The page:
English: Pumpkin seeds

Chinese: 南瓜子

Parts used: Dried seeds

TCM category: Herbs that expel parasites

TCM nature: Warm

TCM taste(s): Sweet

Organ affinity: Stomach Large intestine

Scientific name: Cucurbita moschata

Use of Nan Gua Zi (pumpkin seeds) in TCM

Please note that you should never self-prescribe TCM ingredients. A TCM ingredient is almost never eaten on its own but as part of a formula containing several ingredients that act together. Please consult a professional TCM practitioner, they will be best able to guide you.

Preparation: Remove shells to extract the seeds and dry them.

Dosage: 60 - 120 grams

Main actions according to TCM*: Expels parasites

Primary conditions or symptoms for which Nan Gua Zi may be prescribed by TCM doctors*: Intestinal parasites Diabetes Edema

Key TCM concepts behind Nan Gua Zi's properties

In Traditional Chinese Medicine (TCM), Nan Gua Zi belongs to the 'Herbs that expel parasites' category. Herbs in this category are used to treat roundworms, tapeworm, hookworm and other intestinal parasites. In most cases, these herbs should be combined with other herbs to assist their action such as 'Purgative herbs that drain downward' or Qi tonics. Typically these herbs should only be prescribed for a short period as they often have some level of toxicity.

Furthermore Nan Gua Zi is Warm in nature. This means that Nan Gua Zi tends to help people who have too much 'Cold' in their body, although with less effect than a plant that would be Hot in nature. Balance between Yin and Yang is a key health concept in TCM. Those who have too much Cold in their body are said to either have a Yin Excess (because Yin is Cold in nature) or a Yang Deficiency (Yang is Hot in Nature). Depending on your condition Nan Gua Zi can help restore a harmonious balance between Yin and Yang.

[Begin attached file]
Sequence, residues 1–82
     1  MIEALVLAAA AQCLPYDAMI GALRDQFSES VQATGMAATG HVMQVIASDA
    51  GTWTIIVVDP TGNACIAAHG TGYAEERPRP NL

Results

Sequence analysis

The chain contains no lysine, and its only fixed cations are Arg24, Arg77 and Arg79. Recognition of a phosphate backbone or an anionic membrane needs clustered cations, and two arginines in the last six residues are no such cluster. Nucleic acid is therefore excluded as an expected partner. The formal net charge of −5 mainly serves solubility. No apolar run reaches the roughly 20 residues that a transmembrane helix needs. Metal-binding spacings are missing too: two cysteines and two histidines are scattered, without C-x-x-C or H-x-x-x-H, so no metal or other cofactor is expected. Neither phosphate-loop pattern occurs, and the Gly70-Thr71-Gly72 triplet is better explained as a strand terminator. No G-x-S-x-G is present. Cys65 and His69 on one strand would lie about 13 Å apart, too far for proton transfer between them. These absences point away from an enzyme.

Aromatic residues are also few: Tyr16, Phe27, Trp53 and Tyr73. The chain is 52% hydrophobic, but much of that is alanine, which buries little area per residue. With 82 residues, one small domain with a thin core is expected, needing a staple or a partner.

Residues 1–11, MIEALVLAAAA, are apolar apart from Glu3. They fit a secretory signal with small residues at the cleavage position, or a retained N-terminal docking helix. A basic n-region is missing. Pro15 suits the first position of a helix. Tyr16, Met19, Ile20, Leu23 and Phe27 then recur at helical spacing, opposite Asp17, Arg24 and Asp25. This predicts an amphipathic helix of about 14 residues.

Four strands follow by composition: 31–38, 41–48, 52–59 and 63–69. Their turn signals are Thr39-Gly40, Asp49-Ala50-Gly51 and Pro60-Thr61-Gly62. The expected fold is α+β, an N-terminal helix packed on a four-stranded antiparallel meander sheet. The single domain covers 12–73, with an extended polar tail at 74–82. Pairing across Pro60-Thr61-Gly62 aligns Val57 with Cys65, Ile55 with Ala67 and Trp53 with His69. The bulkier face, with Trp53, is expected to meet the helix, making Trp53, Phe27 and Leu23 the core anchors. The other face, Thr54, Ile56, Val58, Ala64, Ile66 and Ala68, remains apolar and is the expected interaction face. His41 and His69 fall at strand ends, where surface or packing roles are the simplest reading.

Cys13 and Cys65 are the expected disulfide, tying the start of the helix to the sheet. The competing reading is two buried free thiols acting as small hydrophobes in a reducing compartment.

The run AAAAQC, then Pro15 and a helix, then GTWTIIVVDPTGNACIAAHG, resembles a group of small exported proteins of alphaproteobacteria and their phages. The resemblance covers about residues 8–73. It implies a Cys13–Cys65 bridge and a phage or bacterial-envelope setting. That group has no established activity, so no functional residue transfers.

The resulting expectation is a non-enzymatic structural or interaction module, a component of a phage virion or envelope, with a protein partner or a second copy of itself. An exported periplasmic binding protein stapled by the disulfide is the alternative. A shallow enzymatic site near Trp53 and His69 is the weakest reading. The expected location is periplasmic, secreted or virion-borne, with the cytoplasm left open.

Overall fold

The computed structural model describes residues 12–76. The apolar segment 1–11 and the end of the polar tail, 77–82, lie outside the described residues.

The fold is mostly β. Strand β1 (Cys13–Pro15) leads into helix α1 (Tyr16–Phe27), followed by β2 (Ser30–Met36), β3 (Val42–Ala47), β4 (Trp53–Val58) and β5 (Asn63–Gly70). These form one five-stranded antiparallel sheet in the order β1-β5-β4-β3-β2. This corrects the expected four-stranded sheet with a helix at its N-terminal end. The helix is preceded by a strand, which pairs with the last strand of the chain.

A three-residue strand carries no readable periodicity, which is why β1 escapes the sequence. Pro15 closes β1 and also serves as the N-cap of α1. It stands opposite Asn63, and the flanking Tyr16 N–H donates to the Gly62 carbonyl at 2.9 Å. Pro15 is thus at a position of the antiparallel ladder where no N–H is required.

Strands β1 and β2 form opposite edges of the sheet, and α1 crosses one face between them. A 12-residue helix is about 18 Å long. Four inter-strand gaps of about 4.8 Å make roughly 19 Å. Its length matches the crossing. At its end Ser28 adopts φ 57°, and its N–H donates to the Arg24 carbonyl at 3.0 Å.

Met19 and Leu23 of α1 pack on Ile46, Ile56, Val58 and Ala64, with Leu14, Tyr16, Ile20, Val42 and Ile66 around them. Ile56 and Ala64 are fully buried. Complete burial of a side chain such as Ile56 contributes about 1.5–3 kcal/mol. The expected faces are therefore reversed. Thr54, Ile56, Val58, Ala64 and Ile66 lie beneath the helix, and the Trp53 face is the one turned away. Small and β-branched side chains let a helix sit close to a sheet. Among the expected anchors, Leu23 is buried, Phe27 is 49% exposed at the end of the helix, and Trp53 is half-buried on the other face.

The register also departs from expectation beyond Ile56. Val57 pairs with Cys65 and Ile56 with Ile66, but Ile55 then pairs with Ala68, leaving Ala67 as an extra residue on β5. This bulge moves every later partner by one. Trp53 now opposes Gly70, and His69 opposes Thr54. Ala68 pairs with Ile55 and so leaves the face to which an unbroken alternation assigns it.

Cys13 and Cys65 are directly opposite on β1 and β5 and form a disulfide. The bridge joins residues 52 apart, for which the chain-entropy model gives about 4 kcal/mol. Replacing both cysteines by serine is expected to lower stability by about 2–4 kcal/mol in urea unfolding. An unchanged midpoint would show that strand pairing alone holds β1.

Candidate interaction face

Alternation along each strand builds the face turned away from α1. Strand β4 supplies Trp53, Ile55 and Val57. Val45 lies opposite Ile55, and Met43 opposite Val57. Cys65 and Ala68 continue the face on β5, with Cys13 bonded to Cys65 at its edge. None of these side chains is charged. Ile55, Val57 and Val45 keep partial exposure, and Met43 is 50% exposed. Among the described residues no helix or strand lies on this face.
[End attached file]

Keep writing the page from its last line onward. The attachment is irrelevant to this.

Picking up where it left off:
Nan Gua Zi also tastes Sweet. The so-called 'Five Phases' theory in Chinese Medicine states that the taste of TCM ingredients is a key determinant of their action in the body. Sweet ingredients like Nan Gua Zi tends to slow down acute reactions and detoxify the body. They also have a tonic effect because they replenish Qi and Blood.

The tastes of ingredients in TCM also determine what Organs and Meridians they target. As such Nan Gua Zi is thought to target the Stomach and the Large intestine. In TCM the Stomach is responsible for receiving and ripening ingested food and fluids. It is also tasked with descending the digested elements downwards to the Small Intestine. The Large Intestine on the other hand receives the "impure" parts of the digested food from the Small Intestine, absorbs the remaining fluids and excrete the remainder as feces.

Research on Nan Gua Zi

A combination of pumpkin seeds and areca nut extracts is effective in the expulsion of Taenia spp. tapeworms in over 89% of cases.1


1. Ito, Akira; Li, T.; Chen, X.; Long, C.; Yanagida, T.; Nakao, M.; Sako, Y.; Okamoto, M.; Wu, Y.; Raoul, F.; Giraudoux, P.; Craig, P. S. (2013). "Mini Review on Chemotherapy of Taeniasis and Cysticercosis Due to Taenia Solium in Asia, and a Case Report With 20 Tapeworms in China" (PDF). Tropical Biomedicine. 30 (2): 164–73. PMID 23959481.

Use of Nan Gua Zi as food

Nan Gua Zi is also eaten as food. It is used as an ingredient in dishes such as Pumpkin Seed Brittle or Sweet and Salty Roasted Pumpkin Seeds.